Church Files Friendly Lawsuit against City
CHICAGO—Immanuel Baptist Church filed a lawsuit in district court last Friday after the city prevented it from purchasing property and establishing a permanent home in its University Village neighborhood. The church argues that the city’s zoning ordinance violates the Religious Land Use and Institutionalized Persons Act of 2000 or “RLUIPA,” as it imposes stricter parking requirements on religious assemblies than on nonreligious assemblies such as theaters and libraries. RLUIPA’s equal terms provision states that “no government shall impose or implement a land use regulation in a manner that treats a religious assembly or institution on less than equal terms with a nonreligious assembly or institution.”
But in Chicago, religious assemblies are required to have an 8 to 1 ratio of seats to parking places. Other nonreligious assembly uses, however, have less stringent parking requirements and in some cases, no parking requirements. The city requires no parking whatsoever for “live theater venues” with less than 150 seats, or for cultural exhibits and libraries for the first 4,000 square feet. The church property fits the bill on both counts, seating a maximum of 146 persons while consisting of less than 4,000 square feet. The church property has no onsite parking but street parking is widely available and the surrounding neighborhood consists mostly of vacant lots. The church has been unable to work out parking arrangements with any of its neighbors, either through purchase of land or a shared parking lease, but it does not see the need to even though the city is persistent.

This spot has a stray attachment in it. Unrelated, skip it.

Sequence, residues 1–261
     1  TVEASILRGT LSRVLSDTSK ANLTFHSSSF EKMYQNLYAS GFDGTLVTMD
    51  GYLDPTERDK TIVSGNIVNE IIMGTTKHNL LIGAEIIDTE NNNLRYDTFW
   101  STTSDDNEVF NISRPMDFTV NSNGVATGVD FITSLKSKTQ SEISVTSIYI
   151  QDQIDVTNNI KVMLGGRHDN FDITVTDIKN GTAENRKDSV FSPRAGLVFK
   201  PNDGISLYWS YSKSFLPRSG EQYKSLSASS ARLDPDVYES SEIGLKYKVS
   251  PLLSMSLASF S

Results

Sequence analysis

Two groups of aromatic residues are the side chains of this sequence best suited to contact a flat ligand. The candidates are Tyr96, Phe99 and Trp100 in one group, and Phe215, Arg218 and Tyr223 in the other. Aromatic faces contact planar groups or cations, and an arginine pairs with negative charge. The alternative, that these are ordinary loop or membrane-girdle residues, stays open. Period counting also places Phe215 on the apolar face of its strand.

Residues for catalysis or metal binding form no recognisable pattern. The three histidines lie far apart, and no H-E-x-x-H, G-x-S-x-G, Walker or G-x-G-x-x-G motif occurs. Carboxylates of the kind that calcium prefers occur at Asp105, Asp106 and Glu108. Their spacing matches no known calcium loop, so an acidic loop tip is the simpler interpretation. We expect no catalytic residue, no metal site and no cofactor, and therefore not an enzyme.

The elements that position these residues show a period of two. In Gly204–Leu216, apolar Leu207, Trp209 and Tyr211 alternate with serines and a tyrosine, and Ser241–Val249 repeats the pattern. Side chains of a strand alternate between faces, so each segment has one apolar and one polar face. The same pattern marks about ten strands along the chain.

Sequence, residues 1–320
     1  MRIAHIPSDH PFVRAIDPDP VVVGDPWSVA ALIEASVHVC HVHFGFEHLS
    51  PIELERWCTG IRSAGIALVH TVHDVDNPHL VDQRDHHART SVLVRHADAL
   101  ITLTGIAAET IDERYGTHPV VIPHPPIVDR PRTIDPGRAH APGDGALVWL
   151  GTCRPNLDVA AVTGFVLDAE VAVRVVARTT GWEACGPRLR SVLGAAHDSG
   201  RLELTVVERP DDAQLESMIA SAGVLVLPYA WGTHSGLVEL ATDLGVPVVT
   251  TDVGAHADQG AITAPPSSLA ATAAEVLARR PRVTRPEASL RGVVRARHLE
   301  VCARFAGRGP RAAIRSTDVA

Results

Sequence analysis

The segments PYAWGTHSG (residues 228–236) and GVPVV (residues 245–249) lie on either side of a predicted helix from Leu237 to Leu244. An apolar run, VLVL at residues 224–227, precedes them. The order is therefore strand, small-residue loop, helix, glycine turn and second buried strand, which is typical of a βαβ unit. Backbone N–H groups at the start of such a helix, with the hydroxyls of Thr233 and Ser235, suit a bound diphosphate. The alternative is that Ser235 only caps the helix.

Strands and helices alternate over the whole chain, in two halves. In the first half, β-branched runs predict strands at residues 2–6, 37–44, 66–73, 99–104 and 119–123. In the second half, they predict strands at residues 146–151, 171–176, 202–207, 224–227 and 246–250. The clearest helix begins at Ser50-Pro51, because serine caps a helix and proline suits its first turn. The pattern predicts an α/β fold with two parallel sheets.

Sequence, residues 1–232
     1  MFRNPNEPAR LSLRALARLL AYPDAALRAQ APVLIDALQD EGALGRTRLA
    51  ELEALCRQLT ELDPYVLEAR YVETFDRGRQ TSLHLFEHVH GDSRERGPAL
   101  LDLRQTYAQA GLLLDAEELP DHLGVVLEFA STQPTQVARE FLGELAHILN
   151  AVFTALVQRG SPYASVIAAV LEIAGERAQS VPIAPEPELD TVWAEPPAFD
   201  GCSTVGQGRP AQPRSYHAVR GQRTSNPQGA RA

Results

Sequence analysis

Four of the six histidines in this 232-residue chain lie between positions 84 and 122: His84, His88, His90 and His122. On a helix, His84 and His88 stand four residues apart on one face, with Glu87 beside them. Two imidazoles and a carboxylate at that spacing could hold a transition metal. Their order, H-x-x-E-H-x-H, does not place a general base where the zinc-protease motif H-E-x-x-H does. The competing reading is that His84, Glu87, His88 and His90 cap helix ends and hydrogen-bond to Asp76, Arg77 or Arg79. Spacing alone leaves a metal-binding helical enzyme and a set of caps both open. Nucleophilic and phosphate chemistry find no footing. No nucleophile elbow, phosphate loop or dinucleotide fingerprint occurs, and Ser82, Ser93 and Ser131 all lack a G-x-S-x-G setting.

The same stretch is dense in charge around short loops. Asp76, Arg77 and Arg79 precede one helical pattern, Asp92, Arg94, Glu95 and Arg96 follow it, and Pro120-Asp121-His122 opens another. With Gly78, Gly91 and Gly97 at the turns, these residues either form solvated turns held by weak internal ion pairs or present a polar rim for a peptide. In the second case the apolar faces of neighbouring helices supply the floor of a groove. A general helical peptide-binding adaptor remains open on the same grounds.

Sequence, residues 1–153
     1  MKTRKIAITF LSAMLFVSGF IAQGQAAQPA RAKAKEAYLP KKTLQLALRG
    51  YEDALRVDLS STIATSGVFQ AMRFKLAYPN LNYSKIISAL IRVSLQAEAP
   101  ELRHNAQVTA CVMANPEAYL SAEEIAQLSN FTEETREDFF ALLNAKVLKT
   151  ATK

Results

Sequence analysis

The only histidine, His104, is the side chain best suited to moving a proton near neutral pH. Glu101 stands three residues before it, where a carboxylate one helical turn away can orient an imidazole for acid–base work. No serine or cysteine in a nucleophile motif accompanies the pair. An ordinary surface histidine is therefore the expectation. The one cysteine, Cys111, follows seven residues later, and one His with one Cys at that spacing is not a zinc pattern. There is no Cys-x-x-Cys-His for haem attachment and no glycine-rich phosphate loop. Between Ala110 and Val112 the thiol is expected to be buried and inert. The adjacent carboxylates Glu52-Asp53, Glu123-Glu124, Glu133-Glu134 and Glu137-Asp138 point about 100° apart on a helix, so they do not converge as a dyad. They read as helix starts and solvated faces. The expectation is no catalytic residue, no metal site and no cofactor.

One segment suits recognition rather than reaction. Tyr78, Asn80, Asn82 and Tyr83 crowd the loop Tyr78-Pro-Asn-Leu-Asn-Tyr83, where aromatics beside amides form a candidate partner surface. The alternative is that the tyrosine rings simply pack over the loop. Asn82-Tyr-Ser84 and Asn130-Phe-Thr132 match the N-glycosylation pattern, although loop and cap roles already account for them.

Pastor Nathan Carter said, “We are committed to our neighborhood and seek the same goal as the city: a flourishing and beautiful community! That’s why the majority of our members live, work, play, shop, and serve close by. Many who attend our church walk, bike, take public transportation, or use ride-sharing. We believe that one of the advantages of urban life is that automobiles are optional. While parking lots can sometimes be convenient, we don’t have a need for one at this time. And if we were a nonprofit theater, we wouldn’t have any parking requirements.”
The church began renting the space at 1443 W. Roosevelt in August 2011 and has been granted an occupancy permit by the city. The property owner also received a letter from the Bureau of Planning and Zoning indicating that the church is a permitted use. The church later formed an agreement with the owner to purchase the building and the deal was ready to close in June 2016. Chicago Zoning Plan Examiner Noah Szafraniec assured the church that it would not have problems with zoning because of its pre-existing use. Alderman Jason C. Ervin submitted to the Department of Planning and Development a letter in support of the church
Despite these assurances and its permitted use, an assistant commissioner with the city informed Pastor Nathan Carter that the church still needed to meet the city’s parking requirements and that the city must determine if a religious assembly use is something it wants to promote on a commercial corridor such as Roosevelt Road. The complaint states that the church wishes this to be a “friendly lawsuit” to help the city cut through its unnecessarily complex zoning procedures.
Posted on Tue, February 7, 2017
by Stephanie Grossoehme